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WEGL's Weekly Picks: Nov 1-8

Empty Country - Empty Country II

Beginning his musical career as a founding member and front man of indie-emo outfit Cymbals Eat Guitars, Joseph D'Agostino has traveled a long and winding road leading to this point. Capitalizing on microfame achieved through MySpace music nerd discussion boards and a surprise review from Pitchfork of their debut record, the band had a illustrious 10 year career, slowly accumulating attention by touring with notable acts such as Wilco and the Flaming Lips. In 2017, the band decided to call it quits, but D'Agostino was far from done. Shortly afterwards, he formed his new group Empty Country with former CEG drummer Anne Dole, and the band was set to make their live debut opening for Purple Mountains, new group of alt-country legend David Berman, a personal favorite of D'Agostino and of mine as well. Sadly, upon hearing of his untimely and tragic death, D'Agostino struggled greatly with the loss and the isolation that came with the pandemic in the months following. All of these feelings culminated in many of the songs on the bands first album, Empty Country, and these heavy sentiments and emotions are furthered on this new album, albeit more nuanced and sophisticated in their delivery. Empty Country II deals with heavy topics and heavier feelings, with D'Agostino gracefully delivering his intensely relatable ideas and stories by way of obscure and surreal imagery in a fashion Isaac Brock would be quite proud of. Taking sonic influences from indie and slacker-rock guitar heroes like Doug Martsch and Stephen Malkmus, the dense fuzz of Kevin Shields and Billy Corgan, the classic rock balladry of Bruce Springsteen, the atmosphere of late Talk Talk, and paring them all with literary strategies from a dense conglomeration of various contemporary authors, D'Agostino wears these influences on his sleeve with pride. Empty Country II is a brutally honest and breathtaking display of modern indie-rock dipping its hand in every subgenre that has grown from the genre's humble beginnings, much like D'Agostino and his bandmates themselves. It is a masterfully produced and written project that I simply can't get out of my head, and it is easily up there with my favorite rock releases from this year.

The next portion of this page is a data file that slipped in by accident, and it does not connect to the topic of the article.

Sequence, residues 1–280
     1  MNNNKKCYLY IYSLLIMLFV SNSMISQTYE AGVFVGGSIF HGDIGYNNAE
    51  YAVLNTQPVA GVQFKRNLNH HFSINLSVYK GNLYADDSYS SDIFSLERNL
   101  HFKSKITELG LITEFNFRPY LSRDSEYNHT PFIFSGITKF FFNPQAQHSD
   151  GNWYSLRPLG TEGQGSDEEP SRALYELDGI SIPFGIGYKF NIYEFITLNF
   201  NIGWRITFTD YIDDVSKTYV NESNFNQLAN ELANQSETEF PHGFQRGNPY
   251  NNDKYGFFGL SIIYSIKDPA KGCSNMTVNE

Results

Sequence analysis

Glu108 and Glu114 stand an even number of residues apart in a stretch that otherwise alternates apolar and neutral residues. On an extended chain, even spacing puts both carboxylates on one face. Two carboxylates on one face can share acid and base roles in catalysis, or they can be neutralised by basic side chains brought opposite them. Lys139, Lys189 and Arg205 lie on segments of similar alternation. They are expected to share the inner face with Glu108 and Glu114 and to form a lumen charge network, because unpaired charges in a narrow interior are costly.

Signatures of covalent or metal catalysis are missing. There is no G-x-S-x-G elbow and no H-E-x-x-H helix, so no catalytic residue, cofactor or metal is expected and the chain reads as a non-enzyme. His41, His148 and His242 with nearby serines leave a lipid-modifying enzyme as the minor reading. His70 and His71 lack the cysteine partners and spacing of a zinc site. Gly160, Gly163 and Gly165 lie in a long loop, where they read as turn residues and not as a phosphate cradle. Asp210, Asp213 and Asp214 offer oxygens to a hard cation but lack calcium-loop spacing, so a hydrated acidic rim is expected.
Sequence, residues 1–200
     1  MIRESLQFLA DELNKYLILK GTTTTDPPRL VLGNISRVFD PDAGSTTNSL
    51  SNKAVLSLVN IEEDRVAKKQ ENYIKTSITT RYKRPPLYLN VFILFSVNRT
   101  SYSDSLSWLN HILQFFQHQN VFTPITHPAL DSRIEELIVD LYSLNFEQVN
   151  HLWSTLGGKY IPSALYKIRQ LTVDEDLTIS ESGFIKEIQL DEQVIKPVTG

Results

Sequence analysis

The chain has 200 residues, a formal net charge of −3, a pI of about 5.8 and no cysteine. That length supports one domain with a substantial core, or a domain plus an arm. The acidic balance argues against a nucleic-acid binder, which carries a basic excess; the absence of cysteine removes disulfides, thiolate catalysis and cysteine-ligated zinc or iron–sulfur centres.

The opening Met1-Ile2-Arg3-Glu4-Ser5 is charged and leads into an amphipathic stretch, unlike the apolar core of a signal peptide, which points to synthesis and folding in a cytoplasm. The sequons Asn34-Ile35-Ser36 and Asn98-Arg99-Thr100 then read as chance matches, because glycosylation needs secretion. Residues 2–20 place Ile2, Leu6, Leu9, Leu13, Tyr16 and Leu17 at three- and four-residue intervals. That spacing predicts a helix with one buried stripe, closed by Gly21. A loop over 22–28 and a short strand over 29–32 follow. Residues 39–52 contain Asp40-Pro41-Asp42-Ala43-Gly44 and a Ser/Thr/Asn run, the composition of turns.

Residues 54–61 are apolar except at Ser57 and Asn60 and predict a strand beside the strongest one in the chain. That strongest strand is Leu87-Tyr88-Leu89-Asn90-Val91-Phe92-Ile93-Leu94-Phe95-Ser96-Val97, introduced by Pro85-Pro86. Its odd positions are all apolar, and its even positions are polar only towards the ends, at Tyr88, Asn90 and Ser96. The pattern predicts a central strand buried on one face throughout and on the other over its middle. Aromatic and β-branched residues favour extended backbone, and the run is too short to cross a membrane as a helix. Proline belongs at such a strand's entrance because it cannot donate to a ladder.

Favorite Tracks: "Erkling" ; "Dustine" ; "FLA"

- Will Lewis

The Beatles - ”Now and Then”

Over 50 years after breaking up, The Beatles released their final song. ”Now and Then” is a posthumous release for John Lennon and George Harrison put together by Paul McCartney and Ringo Starr. The song is based on a demo that Lennon created that stayed dormant for over three decades. The surviving Beatles tried to work on and release the song after John’s death, but we’re unable to extract his vocals. With AI and audio restoration, McCartney and Starr were able to extract Lennon’s vocals and combine it with modern production and guitar tracks by George Harrison from a 1995 session. McCartney also wrote additional lyrics for the song. “Now and Then” is not the greatest song by the Beatles, far from it. But it is a beautiful bookend to possibly the greatest band of all time. The production is great and the song gives a great sense of nostalgia. It’s a love ballad, but with the chronicled history of how the song was released, it almost feels like a love letter to the band and to John and George. It was released with The Beatles’ first single, “Love Me Do.” It’s a good song, but the significance of having it released as almost an epilogue to the most successful band of all time is a triumph for music and for technology.

- Logan Hurston

Willow - "alone"

Willow's newest single, "alone" was released on November 3rd. In an interview with the Rolling Stone, Willow discusses this new song revealing the meaning behind it. She says, “when there’s nobody there to distract us from our own thoughts, we try to run away from it.” Willow depicts this very well in this song with how breathy and flowy it is in the beginning then the guitars and drums coming out for the last few seconds of the song. She says this song is her attempt at finding her own style and straying away from the rock scene, which I believe she does very well while also keeping a bit of that rock energy at the end. When first listening to the song, I didn’t expect it to sound the way it did but I’m glad it did. The song only spans for a little over 2 minutes and I honestly wish it was longer. This song describes her perfectly (especially the outro) and gives her an opportunity to really become herself as an artist.

- Mallie Altmann

Resavoir - Resavoir

Resavoir is back with their second self-titled album. The jazz group released their sophomore album on November 3rd, four years after their first. With 11 songs over 32 minutes, the album mixes longer songs with shorter interludes. The main difference between Resavoir’s first and second album is the use of synths. They’re used on almost every song and give a completely different sound from the first. The album is an eclectic mix of bedroom beats, lofi rap, soul music, and ambient music. This is a perfect album to put on while studying, cooking, or cleaning. It evokes an almost peaceful feeling while listening to it. The style of music that Resavoir makes is not loud and bombastic, it’s subtle and slowly builds towards a beautiful crescendo. If you’re looking for a chill album for a rainy day or an album that will leave you with a feeling of bliss, then give Resavoir a try.

Favorite Tracks: “Sunday Morning” ; “First Light” ; “Future” ; “On n On”

- Logan Hurston

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